Meet Toronto’s local food waste warriors

From a Forest Hill techie to a free library foodie

In the last few years, food waste has emerged as the king of all first-world problems, an ugly reminder that while some people live in poverty, others live in extreme excess. According to statistics from the City of Toronto, 57 per cent of all household food waste from across the city is edible. Nationwide, Canadians throw away $31 billion worth of food each year. That’s a lot of waste. The good news is that some inventive individuals and organizations are tackling the problem head on. These Torontonians are doing what they can to ensure that food goes to people who need it — not to landfills.

FREE LITTLE PANTRY
Inspired by the popular Little Free Library concept — which provides neighbourhoods with free books — Little Free Pantry is a collective of volunteer-built donation boxes stocked with necessities such as dry goods, produce, diapers and other supplies as availability permits. Anyone is able to access the pantry to take or donate whatever they wish, which provides local residents with either free supplies or a convenient way to share surplus items that might otherwise go to waste. What began as a pilot project in Fayetteville, Ariz., has spread throughout the U.S. and is now making inroads into Canada. North York resident Melissa Castanheira, steward of Canada’s first Little Free Pantry, at 232 Cedric Ave., says people often donate items that will soon expire, which helps reduce food waste. She says her community’s help in keeping the pantry stocked has been awe-inspiring. “As soon as I see the pantry empty, it’s full again,” she says. “This neighbourhood is amazing.”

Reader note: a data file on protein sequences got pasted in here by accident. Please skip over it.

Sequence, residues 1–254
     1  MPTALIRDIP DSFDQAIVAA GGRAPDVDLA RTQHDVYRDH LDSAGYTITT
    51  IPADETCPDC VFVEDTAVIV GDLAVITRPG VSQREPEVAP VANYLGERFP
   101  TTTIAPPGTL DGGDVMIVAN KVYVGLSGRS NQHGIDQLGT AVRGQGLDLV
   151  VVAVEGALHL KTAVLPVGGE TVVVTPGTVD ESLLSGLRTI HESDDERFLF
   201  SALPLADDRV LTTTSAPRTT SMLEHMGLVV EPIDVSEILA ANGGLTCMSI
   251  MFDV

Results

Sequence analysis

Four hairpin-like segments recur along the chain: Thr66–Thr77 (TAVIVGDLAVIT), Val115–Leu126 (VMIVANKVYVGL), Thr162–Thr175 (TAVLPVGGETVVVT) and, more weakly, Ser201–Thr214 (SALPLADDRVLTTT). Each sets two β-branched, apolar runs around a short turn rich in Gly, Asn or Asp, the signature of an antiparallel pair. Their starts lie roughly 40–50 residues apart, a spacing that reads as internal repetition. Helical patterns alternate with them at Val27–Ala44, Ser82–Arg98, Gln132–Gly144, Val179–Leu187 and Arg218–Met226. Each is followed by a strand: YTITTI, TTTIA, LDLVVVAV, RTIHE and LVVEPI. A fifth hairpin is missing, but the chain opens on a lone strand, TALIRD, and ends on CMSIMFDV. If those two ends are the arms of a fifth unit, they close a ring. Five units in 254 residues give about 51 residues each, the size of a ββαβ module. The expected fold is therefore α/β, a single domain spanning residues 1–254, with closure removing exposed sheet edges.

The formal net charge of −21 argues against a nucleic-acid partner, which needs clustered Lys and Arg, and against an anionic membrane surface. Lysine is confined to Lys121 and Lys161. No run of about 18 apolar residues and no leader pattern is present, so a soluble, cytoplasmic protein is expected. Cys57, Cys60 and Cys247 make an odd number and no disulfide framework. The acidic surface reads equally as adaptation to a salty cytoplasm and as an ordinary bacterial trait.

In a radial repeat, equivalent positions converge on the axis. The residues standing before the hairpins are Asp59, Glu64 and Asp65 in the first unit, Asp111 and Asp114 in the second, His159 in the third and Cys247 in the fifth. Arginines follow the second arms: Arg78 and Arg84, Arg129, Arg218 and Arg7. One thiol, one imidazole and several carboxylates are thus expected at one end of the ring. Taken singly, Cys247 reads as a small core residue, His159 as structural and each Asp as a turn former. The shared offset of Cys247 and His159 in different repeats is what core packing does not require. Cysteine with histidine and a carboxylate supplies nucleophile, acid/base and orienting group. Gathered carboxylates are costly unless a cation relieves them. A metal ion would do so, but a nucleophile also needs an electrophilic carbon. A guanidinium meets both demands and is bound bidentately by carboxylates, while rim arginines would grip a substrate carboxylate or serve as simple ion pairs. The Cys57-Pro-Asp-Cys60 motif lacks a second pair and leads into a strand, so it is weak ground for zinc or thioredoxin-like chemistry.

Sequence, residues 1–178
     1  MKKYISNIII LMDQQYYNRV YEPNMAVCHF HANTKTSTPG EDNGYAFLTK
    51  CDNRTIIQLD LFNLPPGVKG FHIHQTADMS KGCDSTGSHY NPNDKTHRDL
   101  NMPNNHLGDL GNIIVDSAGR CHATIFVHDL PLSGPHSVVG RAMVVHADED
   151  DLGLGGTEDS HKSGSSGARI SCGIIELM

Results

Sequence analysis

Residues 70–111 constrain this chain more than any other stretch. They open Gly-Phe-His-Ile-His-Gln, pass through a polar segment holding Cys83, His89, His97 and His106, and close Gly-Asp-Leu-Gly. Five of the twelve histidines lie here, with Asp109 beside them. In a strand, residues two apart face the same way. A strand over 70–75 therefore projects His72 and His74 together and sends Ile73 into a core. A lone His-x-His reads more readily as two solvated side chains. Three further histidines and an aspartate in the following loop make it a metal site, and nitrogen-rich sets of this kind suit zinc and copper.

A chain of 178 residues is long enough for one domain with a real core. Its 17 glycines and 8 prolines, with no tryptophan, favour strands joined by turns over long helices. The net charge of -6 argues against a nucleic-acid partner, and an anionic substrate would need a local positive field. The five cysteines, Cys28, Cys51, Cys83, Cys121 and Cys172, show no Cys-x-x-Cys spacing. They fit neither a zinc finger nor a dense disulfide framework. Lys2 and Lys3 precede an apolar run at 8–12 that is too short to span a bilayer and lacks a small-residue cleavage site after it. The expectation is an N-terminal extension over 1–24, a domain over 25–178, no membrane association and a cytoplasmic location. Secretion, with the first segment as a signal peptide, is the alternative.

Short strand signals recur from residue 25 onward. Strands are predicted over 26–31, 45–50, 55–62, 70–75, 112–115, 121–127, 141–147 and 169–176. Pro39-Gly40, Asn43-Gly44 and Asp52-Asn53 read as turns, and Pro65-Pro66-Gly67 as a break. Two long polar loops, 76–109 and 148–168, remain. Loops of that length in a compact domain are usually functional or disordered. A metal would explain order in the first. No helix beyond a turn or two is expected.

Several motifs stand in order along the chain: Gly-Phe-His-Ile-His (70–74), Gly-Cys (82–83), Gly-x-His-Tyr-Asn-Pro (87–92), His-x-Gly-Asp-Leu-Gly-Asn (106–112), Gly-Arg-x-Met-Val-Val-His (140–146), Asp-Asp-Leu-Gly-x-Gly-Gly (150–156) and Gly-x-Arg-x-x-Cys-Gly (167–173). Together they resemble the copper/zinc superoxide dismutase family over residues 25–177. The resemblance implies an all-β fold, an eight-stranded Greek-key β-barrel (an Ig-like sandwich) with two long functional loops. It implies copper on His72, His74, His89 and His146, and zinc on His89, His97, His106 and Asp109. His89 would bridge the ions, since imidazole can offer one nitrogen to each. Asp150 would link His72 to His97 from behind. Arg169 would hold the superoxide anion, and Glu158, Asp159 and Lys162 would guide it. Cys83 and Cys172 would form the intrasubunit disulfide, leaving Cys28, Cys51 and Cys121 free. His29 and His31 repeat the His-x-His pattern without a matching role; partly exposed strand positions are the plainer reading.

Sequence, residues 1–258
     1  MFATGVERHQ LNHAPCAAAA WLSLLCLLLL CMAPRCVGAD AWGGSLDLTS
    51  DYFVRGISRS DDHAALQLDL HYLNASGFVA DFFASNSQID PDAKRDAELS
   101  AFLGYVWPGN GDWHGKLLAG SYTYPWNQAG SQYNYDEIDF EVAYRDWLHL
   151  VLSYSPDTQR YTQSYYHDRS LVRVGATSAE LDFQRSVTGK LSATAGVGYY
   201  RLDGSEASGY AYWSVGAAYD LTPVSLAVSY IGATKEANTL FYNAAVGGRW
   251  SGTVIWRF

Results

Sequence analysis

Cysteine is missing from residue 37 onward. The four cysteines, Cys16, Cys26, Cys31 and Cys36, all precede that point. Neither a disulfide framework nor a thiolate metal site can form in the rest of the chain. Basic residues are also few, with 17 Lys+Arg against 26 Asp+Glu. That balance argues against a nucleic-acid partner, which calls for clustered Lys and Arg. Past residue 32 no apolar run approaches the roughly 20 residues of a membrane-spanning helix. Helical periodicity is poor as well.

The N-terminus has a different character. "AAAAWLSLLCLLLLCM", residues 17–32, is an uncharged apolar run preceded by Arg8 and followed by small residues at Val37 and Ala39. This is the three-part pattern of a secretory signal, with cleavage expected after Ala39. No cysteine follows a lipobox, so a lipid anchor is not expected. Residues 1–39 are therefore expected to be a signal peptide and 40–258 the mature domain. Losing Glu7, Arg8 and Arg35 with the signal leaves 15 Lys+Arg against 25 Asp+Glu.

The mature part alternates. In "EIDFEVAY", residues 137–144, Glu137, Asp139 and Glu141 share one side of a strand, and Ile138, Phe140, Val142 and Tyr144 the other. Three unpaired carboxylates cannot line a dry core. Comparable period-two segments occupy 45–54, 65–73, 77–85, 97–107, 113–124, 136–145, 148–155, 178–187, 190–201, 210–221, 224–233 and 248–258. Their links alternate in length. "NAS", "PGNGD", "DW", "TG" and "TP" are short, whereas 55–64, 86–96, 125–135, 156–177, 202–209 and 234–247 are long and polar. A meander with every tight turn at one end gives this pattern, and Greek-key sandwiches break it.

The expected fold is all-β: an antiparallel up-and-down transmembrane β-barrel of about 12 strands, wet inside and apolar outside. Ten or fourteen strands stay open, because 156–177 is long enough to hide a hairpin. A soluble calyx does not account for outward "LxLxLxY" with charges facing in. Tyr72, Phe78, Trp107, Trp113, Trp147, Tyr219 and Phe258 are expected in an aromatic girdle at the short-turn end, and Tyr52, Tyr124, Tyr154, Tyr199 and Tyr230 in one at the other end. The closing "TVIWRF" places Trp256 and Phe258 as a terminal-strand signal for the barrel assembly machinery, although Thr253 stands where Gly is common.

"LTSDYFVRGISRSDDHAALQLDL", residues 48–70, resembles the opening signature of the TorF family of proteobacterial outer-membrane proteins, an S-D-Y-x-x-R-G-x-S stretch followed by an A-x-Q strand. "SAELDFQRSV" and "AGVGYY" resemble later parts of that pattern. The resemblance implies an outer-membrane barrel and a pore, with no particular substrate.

ROAD TO ZERO WASTE
When Rexdale resident Laylo Atakhodjaeva noticed how much produce her local grocery store was throwing away, she was shocked. “In my home country, Uzbekistan, everything is recycled and used,” she says. “I’ve never in my life seen so much waste.” She began researching food waste statistics and decided she needed to take action. With the help of her husband, Shabeeb Hasan, she founded Road to Zero Waste, a non-profit organization that aspires to reduce waste — and hunger — across the GTA. Their largest initiative so far is a series of community fridges filled with surplus food from local restaurants and grocery stores. Accessible 24/7, these fridges are stocked by volunteers and can be used by anyone who needs food at any time. Road to Zero Waste has set up three community fridges across the GTA: in Parkdale, Rexdale and Mississauga, with more to come. Ultimately, Atakhodjaeva and her husband hope to pave the way toward legislative change that will reduce food waste, as seen in countries such as France, where supermarkets are banned from throwing away unsold food.

FEEDBACK APP
A few years ago, Forest Hill native Josh Walters was travelling through Rome when a restaurant owner offered him discounted pizzas that were about to be thrown away at the end of the day. Walters thought to himself, how often does this happen? Very often, it turns out. Soon, he contacted his cousin, Ben Walters, with an idea for a mobile app that would help connect people with surplus food from restaurants. In 2017, they launched Feedback, which uses a “smart pricing” algorithm that notifies users of deals during off-peak hours. Walters likens it to Uber’s surge pricing, but in reverse. The result, Walters says, is a win-win situation, with users getting deals on food, and restaurants having the opportunity to sell what they might have thrown away. “At the end of day, food waste [at the restaurant level] is just a product of a larger problem, which is unpredictable supply and demand,” Walters says. “The goal is to create a restaurant system in which you can use price as a lever to drive traffic at off-peak hours.”